The Ocean at the End of the Lane, Essential Revision Notes
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Table of Contents
If you don't know that Neil Gaiman is important, then we feel majorly sorry for you. But we can also guess why you don't know about this lion of the fantasy genre: you just don't read much fantasy.
In Britain, however, where Gaiman comes from, his book covers are plastered along the Underground tunnels in poster form, streets are renamed after his fictional tales, and in 2013 his book The Ocean at the End of the Lane won the prestigious Book of the Year award—and for good reason.
The man has such a vivid imagination; he creates whole worlds that would feel right at home in a Tim Burton movie, and then plops them down in the middle of pastoral settings in such a way that you think to yourself: "Yeah, okay—sure. There's always been an eccentric family down the road, of course they're secretly immortal beings with infinite power and wisdom." If nothing else, you'll never look at your neighbours the same way—definitely not after reading The Ocean at the End of the Lane.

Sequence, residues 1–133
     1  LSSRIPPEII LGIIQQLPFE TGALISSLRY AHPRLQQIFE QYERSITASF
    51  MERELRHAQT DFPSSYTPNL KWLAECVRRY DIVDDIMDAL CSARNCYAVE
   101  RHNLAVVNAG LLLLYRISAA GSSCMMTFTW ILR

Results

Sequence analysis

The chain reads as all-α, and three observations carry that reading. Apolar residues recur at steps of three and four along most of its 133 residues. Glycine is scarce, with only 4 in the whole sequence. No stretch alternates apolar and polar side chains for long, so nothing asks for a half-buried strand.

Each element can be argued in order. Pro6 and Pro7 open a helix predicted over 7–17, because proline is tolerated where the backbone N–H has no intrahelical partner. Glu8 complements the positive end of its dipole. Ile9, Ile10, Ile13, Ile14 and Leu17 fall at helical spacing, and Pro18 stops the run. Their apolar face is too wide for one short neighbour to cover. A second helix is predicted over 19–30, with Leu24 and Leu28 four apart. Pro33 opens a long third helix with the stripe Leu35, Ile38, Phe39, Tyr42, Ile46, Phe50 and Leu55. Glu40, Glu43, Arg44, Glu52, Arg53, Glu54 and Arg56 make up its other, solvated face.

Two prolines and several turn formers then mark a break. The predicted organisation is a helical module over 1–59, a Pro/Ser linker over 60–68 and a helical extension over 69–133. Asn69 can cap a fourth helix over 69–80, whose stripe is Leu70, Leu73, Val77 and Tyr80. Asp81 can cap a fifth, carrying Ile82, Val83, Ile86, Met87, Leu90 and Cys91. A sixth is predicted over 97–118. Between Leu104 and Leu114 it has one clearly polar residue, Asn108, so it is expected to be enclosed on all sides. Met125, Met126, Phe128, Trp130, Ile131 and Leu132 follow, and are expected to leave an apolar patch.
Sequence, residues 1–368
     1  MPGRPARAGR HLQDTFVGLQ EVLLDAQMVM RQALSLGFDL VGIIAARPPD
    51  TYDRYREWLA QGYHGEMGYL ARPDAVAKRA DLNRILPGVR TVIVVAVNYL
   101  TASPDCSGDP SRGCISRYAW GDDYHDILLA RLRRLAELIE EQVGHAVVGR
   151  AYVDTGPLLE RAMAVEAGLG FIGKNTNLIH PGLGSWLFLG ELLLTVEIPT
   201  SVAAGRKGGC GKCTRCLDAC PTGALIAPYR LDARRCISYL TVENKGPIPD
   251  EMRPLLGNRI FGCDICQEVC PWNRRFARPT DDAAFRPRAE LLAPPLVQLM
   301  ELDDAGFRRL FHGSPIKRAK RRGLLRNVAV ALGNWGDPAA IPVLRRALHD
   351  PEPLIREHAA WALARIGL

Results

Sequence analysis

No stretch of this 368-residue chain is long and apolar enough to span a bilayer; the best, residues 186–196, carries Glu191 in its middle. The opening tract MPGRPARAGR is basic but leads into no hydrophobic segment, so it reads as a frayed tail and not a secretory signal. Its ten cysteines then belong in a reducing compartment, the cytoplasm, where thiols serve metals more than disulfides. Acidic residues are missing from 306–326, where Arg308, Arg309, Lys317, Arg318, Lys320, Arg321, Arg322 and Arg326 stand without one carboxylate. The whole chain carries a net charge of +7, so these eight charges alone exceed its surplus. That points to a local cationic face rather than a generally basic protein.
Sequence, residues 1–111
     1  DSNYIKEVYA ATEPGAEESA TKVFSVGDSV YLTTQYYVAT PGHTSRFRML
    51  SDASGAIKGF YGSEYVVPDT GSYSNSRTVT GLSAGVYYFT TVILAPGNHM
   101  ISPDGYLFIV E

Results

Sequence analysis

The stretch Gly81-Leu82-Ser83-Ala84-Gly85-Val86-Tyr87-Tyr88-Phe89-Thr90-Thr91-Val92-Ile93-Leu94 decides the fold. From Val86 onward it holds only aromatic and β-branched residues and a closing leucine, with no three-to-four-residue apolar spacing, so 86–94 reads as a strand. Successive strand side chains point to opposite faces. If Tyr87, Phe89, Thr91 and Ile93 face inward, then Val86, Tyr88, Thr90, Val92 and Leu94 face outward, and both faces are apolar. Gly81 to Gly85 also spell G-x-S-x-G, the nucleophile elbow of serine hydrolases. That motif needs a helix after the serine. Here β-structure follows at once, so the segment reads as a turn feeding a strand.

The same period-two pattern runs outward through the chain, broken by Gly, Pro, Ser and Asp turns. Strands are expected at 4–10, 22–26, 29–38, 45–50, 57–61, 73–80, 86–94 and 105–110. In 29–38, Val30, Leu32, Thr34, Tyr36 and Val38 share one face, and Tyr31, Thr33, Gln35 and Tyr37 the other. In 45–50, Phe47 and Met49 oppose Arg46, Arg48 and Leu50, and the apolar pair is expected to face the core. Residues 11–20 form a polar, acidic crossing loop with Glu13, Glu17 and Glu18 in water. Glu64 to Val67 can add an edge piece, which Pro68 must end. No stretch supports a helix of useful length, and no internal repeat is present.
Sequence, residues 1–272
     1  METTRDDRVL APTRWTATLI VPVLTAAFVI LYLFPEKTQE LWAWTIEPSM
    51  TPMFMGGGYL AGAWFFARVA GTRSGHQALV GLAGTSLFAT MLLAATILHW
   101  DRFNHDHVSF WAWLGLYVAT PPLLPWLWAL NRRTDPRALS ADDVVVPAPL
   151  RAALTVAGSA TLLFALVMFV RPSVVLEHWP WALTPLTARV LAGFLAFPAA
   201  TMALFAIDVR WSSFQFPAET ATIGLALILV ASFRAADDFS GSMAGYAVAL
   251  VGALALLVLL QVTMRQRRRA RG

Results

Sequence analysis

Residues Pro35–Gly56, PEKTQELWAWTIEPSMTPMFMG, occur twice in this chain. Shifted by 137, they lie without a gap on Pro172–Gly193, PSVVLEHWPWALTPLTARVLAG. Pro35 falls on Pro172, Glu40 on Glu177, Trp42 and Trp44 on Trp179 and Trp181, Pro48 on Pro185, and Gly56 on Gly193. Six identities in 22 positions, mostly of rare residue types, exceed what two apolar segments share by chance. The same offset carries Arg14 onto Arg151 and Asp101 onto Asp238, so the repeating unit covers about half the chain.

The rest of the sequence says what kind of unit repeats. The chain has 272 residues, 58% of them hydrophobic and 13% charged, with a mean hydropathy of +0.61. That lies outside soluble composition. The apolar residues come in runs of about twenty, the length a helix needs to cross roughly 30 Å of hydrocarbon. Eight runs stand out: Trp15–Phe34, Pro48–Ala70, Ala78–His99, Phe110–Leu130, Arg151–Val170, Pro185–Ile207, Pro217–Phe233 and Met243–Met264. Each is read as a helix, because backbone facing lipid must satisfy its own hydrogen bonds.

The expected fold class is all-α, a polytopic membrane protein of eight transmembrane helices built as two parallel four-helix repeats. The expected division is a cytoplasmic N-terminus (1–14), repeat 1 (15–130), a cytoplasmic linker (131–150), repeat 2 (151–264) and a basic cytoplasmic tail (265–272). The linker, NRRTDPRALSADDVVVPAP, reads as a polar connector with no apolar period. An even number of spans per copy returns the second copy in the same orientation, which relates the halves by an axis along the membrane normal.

In The Ocean at the End of the Lane, we are listening to a jaded middle-aged man who's gone home for a family member's funeral reminisce about some crazy adventures he had when he was seven years old and befriended an odd little girl named Lettie Hempstock.
The thing is, though, while he's visiting the farm where everything went down, he can remember all the strange, mystical...